Stomach Pain In Children: Causes, Remedies And Tips To Relive

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Stomach pain in children may indicate various conditions, ranging from mild issues, such as swallowing excess air, to serious problems, such as appendicitis. The stomach pain’s intensity, location, and duration may often indicate the severity of the underlying cause. Severe stomach pain that interferes with the child’s daily activities, including sleeping and eating, warrants prompt medical attention.

Keep reading this post to know the various causes, treatments, and home remedies for stomach pain in children.

Causes Of Stomach Pain In Children

The cause of stomach pain differs from person to person. Below are the common and usually less-serious causes of stomach pain (1) (2).

  • Gut problems such as irritable bowel syndrome or constipation.
  • Food-related problems such as food allergies, overeating, or food poisoning.
  • Stomach infection, such as gastroenteritis, or infections in other abdominal organs, such as the kidney or urinary tract.
  • Acid reflux or gastritis that causes pain in the upper abdomen.
  • Abdominal migraine leads to middle abdominal pain. The triggers that cause migraine headaches are also responsible for abdominal migraine (3).
  • Swallowing excess air can cause belching, stomach pain, and flatulence in children (4).
  • Dehydration, lactose intolerance, muscle strain, stress, menstrual pain (in girls), and insect bites are some other reasons.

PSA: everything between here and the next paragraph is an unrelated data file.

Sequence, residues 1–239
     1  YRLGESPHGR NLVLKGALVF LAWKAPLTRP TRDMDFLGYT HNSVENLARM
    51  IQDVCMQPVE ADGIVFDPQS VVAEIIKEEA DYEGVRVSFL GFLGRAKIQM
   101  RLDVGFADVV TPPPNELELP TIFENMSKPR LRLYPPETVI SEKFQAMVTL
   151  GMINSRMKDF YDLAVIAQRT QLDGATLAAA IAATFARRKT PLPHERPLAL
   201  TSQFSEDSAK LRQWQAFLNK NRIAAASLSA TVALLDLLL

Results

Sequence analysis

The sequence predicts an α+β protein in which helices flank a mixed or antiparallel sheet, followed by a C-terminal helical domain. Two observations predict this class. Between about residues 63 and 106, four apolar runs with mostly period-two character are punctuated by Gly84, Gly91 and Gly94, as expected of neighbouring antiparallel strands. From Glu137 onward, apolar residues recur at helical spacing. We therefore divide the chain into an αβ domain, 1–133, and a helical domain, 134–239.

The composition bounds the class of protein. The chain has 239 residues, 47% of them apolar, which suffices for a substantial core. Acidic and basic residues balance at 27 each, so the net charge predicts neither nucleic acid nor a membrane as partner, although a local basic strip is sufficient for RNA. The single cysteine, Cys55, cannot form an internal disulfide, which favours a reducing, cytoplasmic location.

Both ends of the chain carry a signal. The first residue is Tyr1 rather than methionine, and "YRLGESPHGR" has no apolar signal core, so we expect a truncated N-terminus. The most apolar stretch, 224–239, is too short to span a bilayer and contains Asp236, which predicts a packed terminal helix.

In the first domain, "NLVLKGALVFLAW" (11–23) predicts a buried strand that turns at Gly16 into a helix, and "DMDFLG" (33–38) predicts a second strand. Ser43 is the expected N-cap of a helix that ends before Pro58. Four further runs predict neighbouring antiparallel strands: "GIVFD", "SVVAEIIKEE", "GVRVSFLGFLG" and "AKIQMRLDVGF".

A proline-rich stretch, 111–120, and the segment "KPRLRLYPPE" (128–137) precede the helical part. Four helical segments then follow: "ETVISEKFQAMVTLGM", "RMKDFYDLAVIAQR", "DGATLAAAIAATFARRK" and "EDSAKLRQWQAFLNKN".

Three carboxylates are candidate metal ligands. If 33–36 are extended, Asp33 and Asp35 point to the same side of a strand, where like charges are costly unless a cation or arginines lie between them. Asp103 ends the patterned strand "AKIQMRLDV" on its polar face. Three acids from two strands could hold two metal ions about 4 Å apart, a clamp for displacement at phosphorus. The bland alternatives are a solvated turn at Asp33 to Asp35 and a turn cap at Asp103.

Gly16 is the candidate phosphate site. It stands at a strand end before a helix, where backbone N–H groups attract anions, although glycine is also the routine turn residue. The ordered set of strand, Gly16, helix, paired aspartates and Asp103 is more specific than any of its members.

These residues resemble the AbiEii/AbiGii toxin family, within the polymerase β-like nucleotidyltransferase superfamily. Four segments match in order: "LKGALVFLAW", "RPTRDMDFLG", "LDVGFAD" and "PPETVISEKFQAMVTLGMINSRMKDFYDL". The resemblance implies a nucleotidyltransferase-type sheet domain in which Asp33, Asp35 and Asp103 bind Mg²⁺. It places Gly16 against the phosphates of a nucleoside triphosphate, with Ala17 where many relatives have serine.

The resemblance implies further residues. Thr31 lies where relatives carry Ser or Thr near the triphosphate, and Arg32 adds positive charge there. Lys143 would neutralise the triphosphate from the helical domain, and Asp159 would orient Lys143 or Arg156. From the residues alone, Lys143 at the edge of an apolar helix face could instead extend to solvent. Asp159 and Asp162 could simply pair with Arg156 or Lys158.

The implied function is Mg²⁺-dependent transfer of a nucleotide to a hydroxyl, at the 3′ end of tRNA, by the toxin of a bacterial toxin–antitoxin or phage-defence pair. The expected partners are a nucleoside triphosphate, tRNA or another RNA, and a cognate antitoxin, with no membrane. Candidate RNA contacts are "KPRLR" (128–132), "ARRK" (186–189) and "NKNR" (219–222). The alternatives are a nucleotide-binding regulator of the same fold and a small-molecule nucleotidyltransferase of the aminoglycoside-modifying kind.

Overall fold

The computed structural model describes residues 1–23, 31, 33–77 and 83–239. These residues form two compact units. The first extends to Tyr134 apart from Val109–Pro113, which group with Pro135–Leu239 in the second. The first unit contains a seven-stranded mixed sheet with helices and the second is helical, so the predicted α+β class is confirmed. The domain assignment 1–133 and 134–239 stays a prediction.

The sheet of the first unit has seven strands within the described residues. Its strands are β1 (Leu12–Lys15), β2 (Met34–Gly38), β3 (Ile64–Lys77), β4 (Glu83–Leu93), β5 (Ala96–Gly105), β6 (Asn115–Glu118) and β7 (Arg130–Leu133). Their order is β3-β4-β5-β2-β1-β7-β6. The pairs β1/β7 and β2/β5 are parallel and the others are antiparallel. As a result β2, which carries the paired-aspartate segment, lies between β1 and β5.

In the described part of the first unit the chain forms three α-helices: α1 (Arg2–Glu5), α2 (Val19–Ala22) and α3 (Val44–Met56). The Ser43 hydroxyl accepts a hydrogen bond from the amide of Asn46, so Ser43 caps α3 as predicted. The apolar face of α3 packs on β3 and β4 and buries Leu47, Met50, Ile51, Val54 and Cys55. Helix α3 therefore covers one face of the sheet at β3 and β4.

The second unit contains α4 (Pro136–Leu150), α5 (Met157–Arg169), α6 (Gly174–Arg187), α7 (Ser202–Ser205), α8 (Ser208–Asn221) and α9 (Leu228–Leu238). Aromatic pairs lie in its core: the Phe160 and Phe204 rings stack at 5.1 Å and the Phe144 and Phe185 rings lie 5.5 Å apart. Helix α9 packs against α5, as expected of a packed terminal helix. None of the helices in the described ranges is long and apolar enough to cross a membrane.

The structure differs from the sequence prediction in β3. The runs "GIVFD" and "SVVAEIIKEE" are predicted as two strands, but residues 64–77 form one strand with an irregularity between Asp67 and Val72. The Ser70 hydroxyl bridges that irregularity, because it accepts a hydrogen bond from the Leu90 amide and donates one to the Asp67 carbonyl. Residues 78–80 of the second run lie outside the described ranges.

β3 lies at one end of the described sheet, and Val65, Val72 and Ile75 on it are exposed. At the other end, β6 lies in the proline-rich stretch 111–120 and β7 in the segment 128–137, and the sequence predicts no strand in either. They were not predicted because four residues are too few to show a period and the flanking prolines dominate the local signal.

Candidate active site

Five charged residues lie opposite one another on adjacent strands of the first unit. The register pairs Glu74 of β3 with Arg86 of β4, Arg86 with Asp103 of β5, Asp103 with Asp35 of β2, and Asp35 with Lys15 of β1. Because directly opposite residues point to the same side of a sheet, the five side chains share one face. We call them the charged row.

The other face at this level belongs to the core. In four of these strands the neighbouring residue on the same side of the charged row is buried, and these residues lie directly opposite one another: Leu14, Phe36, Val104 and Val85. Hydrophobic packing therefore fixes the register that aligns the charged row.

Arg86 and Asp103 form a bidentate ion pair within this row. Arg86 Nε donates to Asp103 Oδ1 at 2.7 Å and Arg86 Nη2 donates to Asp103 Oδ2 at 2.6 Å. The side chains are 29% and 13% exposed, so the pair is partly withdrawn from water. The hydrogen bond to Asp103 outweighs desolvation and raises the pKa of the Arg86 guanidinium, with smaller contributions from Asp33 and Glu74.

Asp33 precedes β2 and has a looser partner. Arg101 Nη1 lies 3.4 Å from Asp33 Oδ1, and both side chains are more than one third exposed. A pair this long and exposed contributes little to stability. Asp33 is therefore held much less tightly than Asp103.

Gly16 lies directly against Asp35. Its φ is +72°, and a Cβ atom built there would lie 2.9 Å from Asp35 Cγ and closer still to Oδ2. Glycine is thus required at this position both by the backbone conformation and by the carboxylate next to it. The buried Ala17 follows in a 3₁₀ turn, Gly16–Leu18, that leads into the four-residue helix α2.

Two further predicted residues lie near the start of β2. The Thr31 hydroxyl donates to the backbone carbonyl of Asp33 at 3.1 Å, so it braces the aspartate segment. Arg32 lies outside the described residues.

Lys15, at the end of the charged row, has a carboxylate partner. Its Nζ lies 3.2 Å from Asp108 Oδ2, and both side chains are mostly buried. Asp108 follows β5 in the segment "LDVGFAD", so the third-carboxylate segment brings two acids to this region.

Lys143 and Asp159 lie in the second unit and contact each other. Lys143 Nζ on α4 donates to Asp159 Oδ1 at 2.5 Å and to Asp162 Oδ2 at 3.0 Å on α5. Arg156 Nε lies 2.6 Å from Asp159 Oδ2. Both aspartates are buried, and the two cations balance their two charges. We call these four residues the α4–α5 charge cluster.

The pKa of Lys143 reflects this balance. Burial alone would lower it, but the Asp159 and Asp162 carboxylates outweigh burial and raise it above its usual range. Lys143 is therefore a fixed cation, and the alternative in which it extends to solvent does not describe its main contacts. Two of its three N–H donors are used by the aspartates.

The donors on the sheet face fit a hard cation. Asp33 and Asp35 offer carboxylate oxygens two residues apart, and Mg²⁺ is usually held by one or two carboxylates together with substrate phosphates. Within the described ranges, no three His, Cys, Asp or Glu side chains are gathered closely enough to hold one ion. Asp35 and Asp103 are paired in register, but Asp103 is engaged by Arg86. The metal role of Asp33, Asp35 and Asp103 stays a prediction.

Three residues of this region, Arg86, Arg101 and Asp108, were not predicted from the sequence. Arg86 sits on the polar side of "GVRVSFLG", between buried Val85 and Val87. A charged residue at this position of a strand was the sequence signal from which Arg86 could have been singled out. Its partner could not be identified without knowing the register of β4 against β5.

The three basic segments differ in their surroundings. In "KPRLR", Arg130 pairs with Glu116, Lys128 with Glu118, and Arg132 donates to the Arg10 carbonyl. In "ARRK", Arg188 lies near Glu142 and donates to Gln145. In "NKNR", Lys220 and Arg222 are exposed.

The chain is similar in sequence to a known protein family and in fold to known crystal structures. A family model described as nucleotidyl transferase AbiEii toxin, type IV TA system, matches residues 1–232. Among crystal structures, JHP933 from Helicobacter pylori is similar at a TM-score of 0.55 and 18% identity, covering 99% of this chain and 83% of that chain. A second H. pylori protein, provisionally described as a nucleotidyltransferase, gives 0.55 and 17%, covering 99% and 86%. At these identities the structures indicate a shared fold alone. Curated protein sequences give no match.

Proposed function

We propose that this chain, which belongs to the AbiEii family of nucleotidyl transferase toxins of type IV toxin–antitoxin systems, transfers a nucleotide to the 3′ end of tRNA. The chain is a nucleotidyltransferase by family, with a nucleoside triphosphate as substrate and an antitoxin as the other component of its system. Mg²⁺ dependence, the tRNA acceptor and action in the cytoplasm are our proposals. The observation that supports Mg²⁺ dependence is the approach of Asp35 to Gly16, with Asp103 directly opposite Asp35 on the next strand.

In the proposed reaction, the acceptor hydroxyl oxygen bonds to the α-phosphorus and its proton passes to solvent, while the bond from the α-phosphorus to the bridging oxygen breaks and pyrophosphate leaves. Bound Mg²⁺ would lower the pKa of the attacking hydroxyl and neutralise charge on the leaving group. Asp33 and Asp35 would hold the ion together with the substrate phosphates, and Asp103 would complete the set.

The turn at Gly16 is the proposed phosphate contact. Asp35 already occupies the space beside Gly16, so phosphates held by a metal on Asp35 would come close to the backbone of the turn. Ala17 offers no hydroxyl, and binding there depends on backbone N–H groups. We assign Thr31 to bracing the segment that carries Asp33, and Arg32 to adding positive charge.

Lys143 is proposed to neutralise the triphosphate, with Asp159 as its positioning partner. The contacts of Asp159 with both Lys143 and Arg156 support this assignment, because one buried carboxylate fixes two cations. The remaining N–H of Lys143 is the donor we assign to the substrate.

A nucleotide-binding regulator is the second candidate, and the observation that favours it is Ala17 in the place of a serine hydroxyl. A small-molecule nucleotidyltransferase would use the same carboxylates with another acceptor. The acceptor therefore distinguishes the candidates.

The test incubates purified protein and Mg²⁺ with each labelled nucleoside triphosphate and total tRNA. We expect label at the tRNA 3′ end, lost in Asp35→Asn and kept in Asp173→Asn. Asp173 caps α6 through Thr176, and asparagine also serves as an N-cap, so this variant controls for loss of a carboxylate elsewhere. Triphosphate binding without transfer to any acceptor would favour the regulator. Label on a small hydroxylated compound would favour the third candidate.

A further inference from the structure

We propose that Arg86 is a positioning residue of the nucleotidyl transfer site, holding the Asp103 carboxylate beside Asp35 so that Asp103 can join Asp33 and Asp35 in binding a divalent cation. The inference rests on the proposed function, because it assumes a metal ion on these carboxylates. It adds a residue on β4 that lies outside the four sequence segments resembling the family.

If the pain is constant, gets worse, and does not subside after 24 hours, it may indicate a serious medical condition. Below are some serious conditions that may cause stomach pain in children (5) (6).

  • Gallstones, which are hard deposits from digestive fluid in the gall bladder.
  • Stomach ulcers or sores that develop on the stomach or esophageal lining.
  • Tumors of stomach or stomach cancer.
  • Abdominal trauma due to accidents or child abuse.
  • Accidental poisoning by swallowing harmful things, such as chemicals or solid objects.
  • Intussusception, which causes intestinal sections to collapse on one another, causing obstruction and cramping pain.
  • Appendicitis, which is inflammation of the appendix, causes severe and constant pain.
  • Ulcerative colitis or inflammatory bowel disease, which is a swelling of the digestive tract.
  • Sickle cell disease, pancreatitis, ovarian or testicular torsion, genetic metabolic disorders, and urinary tract infection are some of the other serious causes of stomach pain.

Risks Factors For Stomach Pain In Children

Children with the following health conditions might be at a higher risk of developing stomach aches (7).

  • Weak immune system could make the child prone to gastrointestinal infections.